Bitcoin and Buying Things

Here's to the risk managers, not the risk takers.

Ranjan here. Margins has been quiet for a bit as Can and my day-jobs have been pretty intense, but hey, it's free! Today, I am going to try to outline the one central thing about cryptocurrencies that has always puzzled me: Why does everyone want the price to go up?

As all great stories involve pizza, you might have heard about the guy that bought a $200 million pizza. In May 2010, Laszlo Hanyecz spent 10,000 BTC to buy some pizza but has no regrets. I bought some BTC for around $100 in the Summer of 2013. I sold most of it that winter for around $1000. Sure, I think about what could've been, but 10x on anything is amazing, and I try to avoid imagining what could’ve been. But it’s hard to not occasionally and make those mental calculations.

When I first learned about BTC, I was incredibly hopeful. As a former currency trader, I was a direct beneficiary of the inefficiencies of cross-border money transfers and saw firsthand how massive markets that moved trillions of dollars often felt held together by duct tape. In emerging market derivatives, there would be crazy things like a new government coming in and nullifying existing contracts and lawyers on both sides spending a lot of time and money to resolve them. There had to be a better way.

In the summer of 2013 I went to some crypto meetups expecting to find some monetary utopians, but mostly encountered just a variant of the Wall Street trader personality. Which is fine - some portion of our financial system requires that swashbuckling component to make markets and discover prices. But if I had wanted to stick around that personality, I would've just stayed a bank trader and made a lot of money much more predictably.

But I kept reading and watching. My small-scale "$200 million pizza" equivalent was when I paid someone about $5 on Fiverr from some residual BTC to draw a cartoon of my then-girlfriend, now wife, from a photo as a cutesy gift. It cost .0195 BTC, which would now be about $1,000.

It’s tiny, but every time there’s another price spike, I calculate what that cartoon thing had cost me.

Money

A functional monetary unit should have two things going for it (if you’re familiar with this stuff, this will be boring):

Medium of Exchange - you should be able to use money to buy things. People need to be willing to accept your currency in exchange for goods or services. For them to accept it, they need to believe others will also accept it. The self-fulfilling nature of this component is pretty clear. There's some critical mass of people who need to believe your currency is usable.

Store of Value - This is the slightly murkier component. Nominally, it means that your currency won't lose value over time (will, at the least, keep pace with inflation). This is logical as if your currency loses too much value over time, people won't want to hold it, which lessens the chance that they'll use it because they'll always be trying to get rid of it.

Hyperinflation is a clear, visceral reminder of how these two components feed off each other. As money rapidly loses its store of value, people are less willing to transact in it, which further depreciates the monetary unit, and down we go. Hitler.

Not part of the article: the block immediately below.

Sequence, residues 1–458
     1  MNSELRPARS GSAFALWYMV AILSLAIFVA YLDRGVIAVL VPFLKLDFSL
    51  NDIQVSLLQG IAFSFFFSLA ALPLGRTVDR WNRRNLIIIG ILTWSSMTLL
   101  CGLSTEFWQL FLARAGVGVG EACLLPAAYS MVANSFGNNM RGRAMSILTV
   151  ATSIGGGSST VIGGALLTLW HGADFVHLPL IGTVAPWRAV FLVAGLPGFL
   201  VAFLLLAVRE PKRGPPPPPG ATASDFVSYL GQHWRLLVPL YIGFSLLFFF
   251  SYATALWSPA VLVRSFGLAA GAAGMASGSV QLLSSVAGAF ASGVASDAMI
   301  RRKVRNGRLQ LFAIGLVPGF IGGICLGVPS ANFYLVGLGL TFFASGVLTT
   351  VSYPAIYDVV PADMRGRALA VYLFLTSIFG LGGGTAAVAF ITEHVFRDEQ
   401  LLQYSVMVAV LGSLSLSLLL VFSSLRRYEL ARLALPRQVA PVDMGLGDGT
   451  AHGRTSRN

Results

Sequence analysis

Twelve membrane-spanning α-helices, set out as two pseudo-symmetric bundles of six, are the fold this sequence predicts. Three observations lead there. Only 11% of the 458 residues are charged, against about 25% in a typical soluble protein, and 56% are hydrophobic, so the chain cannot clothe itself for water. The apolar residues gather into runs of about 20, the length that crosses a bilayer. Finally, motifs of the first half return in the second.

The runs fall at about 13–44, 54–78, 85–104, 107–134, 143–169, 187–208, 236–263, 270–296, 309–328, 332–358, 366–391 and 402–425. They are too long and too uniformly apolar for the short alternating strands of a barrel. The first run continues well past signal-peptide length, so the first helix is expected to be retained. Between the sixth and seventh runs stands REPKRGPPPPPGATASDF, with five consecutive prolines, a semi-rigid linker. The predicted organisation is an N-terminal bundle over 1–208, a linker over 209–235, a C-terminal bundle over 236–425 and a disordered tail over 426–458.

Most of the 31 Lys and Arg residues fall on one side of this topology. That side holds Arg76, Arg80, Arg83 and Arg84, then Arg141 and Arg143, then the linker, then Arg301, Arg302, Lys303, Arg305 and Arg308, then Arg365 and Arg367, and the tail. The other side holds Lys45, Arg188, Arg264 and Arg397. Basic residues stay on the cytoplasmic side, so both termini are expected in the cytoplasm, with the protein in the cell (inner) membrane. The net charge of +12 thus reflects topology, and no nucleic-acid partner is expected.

There's a bit of grey space between what's a currency and what's an asset. Gold is a good example - at some historical point, it was used more regularly as a medium of exchange. Maybe there are still transactions involving briefcases full of gold, but it's evolved more as an asset that serves as a store of value instead of a currency. We all agree there is some intrinsic value to gold so it ends up holding value.

When I first heard about BTC, it seemed like it’d easily become a revolutionary medium of exchange. Like Craigslist and classifieds, or any other utopian internetification of industry economics, all the extractive profits derived by monetary middlemen would disappear. I’d be able to travel around the world and pay in BTC, bypassing exorbitant currency exchange and ATM fees. Maybe it wouldn't replace nationalized currency systems, but it would provide a much better alternative for a lot of day-to-day transactions.

That hasn’t happened yet. Will it ever?

BAT

Regular readers will know that I attribute attention-based digital advertising to a lot of the problems in the world.

When I first heard about the Brave Browser it almost felt religious. An all-star team was going to solve the problems of digital advertising using a digital currency called BAT, the Basic Attention Token. I read the whitepaper and was absolutely giddy. Imagine, instead of a bunch of opaque ad-tech companies securitizing and chopping up your attention into a million different auctions and transactions, everything became much cleaner, more direct, more transparent, and instantaneous.

The basic premise from Brave:

When you join Brave Rewards, your browser will automatically start tallying (only on your device’s local storage) the attention you spend on sites you visit. Once a month, Brave Rewards will send the corresponding amount of BAT, divided up based on your attention, from your local browser-based wallet to the sites you’ve visited. You can remove sites you don’t want to support, and tip creators directly too.

even cooler, you can even be paid for by advertisers for your attention:

You can control every aspect of Brave Ads — from the number of system notifications you’d like to see, to whether or not you want to hide sponsored images. You’ll earn 70% of the ad revenue that we receive from advertisers. In exchange for your attention, you’ll accumulate tokens as you browse. You can contribute these tokens to the sites you love — with more options coming later.

It's an almost utopian attention monetization ecosystem.